Arguably the most notable development comparing the GDPR to the 1995 Directive is the extended jurisdiction of the GDPR. Unlike the 1995 Directive, which required the company to be established in the EU or use equipment situated in the EU to process data, the GDPR will apply to the processing of personal data of data subjects in the EU by a controller or processor not based in the EU, where the activities relate to (i) offering goods or services to EU citizens and (ii) the monitoring of behaviour that takes place within the EU. Under the GDPR, non-EU businesses processing the data of EU citizens must also appoint an EU-based representative.

Also, unlike the 1995 Directive, which required implementation through national legislation, such as the UK's Data Protection Act, GDPR is a binding piece of legislation that will be legally enforceable as soon as it comes into effect on May 25 and will apply to all EU nations and every company holding data on EU citizens.

Since the UK is leaving the EU, the UK Bill proposes to apply the new standards to all general data, not just areas which previously came under EU competence.11

Definition of Personal Data

Similar to the approach taken by the GDPR,12 the Bill expands the definition of "personal data" to reflect the growth and development of technology since the passage of the 1998 Act.13 Personal data is defined to encompass, for example, IP addresses, internet cookies and DNA.

Privacy by Design

One of the key changes under the GDPR is the concept of "Privacy by Design" or "Privacy by Default." The current data protection rules in the EU do not have this concept and no EU law ensures that these measures have to be taken into account. Companies are in essence required to implement appropriate technical and organisational measures regarding the protection of data from the onset of the design of a system and must hold and process only the data absolutely necessary for the completion of the duties involved (i.e., data minimization), as well as limiting access to the data only to those involved in the processing.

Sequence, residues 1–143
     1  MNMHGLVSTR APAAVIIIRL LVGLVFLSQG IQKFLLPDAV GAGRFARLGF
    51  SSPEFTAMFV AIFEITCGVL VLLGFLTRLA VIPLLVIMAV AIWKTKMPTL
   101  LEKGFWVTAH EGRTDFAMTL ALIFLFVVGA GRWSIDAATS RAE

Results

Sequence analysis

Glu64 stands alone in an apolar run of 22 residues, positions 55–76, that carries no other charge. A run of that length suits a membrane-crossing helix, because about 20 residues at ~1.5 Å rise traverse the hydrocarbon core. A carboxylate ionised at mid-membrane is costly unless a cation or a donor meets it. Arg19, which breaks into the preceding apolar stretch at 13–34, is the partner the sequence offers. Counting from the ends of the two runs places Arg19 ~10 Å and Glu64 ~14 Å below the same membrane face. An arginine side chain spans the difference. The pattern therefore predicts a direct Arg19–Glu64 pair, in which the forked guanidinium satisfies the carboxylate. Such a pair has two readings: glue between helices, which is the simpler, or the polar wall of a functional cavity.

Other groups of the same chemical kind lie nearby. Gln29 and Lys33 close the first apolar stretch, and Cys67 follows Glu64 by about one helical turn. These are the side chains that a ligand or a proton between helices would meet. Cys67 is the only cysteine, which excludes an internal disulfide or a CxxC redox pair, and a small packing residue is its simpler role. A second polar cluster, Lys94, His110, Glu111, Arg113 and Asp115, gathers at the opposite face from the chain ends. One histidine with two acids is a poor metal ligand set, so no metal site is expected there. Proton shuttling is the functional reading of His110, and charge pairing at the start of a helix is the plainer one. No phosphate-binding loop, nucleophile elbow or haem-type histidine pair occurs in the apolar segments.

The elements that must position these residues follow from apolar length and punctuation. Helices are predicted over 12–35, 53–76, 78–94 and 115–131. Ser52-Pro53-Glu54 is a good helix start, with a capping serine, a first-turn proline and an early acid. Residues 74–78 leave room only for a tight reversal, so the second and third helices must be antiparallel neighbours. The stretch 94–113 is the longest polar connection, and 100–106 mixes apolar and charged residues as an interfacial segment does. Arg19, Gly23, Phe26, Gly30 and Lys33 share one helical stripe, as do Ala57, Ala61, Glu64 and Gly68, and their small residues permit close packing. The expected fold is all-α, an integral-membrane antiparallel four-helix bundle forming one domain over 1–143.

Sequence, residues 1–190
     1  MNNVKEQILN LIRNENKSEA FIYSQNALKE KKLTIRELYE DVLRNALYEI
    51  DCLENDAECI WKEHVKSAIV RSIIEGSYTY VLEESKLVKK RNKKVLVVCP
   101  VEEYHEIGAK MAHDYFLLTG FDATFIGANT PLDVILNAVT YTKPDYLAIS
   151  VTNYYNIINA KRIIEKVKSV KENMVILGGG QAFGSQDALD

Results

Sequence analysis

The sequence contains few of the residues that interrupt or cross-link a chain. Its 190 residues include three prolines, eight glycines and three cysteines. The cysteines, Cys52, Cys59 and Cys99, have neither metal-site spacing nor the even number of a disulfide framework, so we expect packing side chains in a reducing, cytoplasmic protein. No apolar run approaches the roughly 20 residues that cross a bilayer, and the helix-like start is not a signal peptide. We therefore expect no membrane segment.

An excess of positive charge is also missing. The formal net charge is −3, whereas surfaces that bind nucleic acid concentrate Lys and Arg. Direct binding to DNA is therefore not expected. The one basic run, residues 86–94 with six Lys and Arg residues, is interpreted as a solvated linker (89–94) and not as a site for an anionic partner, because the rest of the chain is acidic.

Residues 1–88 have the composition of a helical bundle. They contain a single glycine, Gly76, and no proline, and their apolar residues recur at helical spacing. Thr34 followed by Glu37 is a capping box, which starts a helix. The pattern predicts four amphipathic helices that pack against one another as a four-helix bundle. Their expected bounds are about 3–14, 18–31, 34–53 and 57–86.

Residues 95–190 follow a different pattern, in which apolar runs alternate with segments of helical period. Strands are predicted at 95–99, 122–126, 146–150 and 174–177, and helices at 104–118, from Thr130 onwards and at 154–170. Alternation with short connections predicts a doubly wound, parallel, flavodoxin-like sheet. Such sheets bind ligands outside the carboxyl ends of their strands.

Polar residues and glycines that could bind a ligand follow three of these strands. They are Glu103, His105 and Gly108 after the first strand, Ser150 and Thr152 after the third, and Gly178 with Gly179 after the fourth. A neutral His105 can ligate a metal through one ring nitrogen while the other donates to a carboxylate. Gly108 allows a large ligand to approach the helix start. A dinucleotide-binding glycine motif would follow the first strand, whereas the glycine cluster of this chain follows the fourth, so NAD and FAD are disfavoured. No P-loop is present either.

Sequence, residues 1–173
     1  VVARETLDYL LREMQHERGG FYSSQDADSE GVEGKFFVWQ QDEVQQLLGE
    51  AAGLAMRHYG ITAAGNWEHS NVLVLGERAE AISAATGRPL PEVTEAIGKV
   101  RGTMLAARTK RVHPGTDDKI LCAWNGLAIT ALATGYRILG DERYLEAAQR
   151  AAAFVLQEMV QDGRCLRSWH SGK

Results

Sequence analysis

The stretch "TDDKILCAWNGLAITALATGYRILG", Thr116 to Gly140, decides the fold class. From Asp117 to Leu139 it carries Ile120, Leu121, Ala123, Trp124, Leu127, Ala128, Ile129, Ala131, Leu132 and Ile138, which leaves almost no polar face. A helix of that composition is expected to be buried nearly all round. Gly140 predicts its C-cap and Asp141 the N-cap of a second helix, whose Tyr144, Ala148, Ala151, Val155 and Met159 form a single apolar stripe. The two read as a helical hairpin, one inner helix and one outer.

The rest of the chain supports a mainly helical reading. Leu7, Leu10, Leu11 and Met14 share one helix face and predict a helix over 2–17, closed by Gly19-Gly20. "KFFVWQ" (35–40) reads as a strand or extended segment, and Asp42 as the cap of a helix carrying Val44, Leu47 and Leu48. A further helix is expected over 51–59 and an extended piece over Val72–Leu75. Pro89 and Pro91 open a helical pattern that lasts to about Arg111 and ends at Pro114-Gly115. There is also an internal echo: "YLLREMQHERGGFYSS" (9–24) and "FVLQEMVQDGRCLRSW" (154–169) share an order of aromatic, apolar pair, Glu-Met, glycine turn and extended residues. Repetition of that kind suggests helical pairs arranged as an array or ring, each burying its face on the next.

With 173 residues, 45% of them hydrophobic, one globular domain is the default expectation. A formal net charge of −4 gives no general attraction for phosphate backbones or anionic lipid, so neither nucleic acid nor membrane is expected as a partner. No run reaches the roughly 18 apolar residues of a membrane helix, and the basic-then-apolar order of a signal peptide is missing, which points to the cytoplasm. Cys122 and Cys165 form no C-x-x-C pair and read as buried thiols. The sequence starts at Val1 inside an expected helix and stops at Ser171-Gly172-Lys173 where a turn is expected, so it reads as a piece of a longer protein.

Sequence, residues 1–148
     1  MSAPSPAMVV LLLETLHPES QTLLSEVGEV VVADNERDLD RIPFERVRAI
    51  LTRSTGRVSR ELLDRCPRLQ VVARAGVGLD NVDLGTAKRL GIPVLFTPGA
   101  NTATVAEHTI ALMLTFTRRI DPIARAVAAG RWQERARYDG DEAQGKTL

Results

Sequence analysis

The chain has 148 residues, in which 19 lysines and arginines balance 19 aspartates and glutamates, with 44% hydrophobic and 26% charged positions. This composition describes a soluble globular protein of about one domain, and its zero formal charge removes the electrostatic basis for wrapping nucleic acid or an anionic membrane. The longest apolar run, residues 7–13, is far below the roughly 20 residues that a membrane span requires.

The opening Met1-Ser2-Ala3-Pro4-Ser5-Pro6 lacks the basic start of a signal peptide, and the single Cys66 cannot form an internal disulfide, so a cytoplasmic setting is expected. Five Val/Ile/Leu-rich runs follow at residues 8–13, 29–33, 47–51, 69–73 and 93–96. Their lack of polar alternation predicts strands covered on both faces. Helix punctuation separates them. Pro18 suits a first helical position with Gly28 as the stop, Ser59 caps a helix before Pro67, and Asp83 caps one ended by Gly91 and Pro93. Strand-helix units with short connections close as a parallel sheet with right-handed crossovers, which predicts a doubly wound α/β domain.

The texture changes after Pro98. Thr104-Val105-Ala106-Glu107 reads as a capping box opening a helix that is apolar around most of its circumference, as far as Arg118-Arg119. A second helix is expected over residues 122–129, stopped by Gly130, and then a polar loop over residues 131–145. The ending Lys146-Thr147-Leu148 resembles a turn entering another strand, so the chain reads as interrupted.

Compared to the 1995 Directive, the conditions for consent have been tightened under GDPR. Specifically, the request for consent must be given in an intelligible and easily accessible form attaching the purpose for data processing to that consent. Consent must also be clear and distinguishable from other matters and provided in an intelligible and easily accessible form. It must also be easy for an individual to withdraw their consent.

Aligning with the GDPR,14 an individual's consent to the use of his or her personal data under the UK bill must not be ambiguous, and not based on the use of default opt-out or pre-checked tick boxes.15 Consent must also be explicit in order to process sensitive personal data. In respect of children under the age of 13, parents or guardians will be required to give their consent to information society services16 (defined as "any service normally provided for remuneration, at a distance, by means of electronic equipment for the processing (including digital compression) and storage of data and at the individual request of a recipient of a service").17 Under the GDPR, this age is 16 years.18

Additionally, the Bill, contrary to the GDPR, excludes "preventive or counselling services" from the definition of "information society services."19

The Bill, similar to the GDPR,20 also anticipates an easier withdrawal of consent for all individuals.21


In harmony with the GDPR,22 pursuant to the Bill, it will become easier for data subjects to require an organisation to disclose personal data it holds.23 This will be required at no cost, provided the request is not manifestly unfounded or excessive.24 Organisations will also be required to clearly state how individuals may access their information.25

Data Portability

Similar to the measures contemplated by the GDPR,26 the Bill sets out new rules enabling customers to move their data from one service provider to another, which gives more choice to customers and encourages competition and innovation in many industries.27 Moreover, if an individual switches internet service providers, the Bill will facilitate the transfer of personal data contained in file storage services, such as personal photographs, to the new internet service provider.28

Data Subject Rights

The GDPR has also introduced a number of data subject rights, which include:

The right to be notified by the processor or...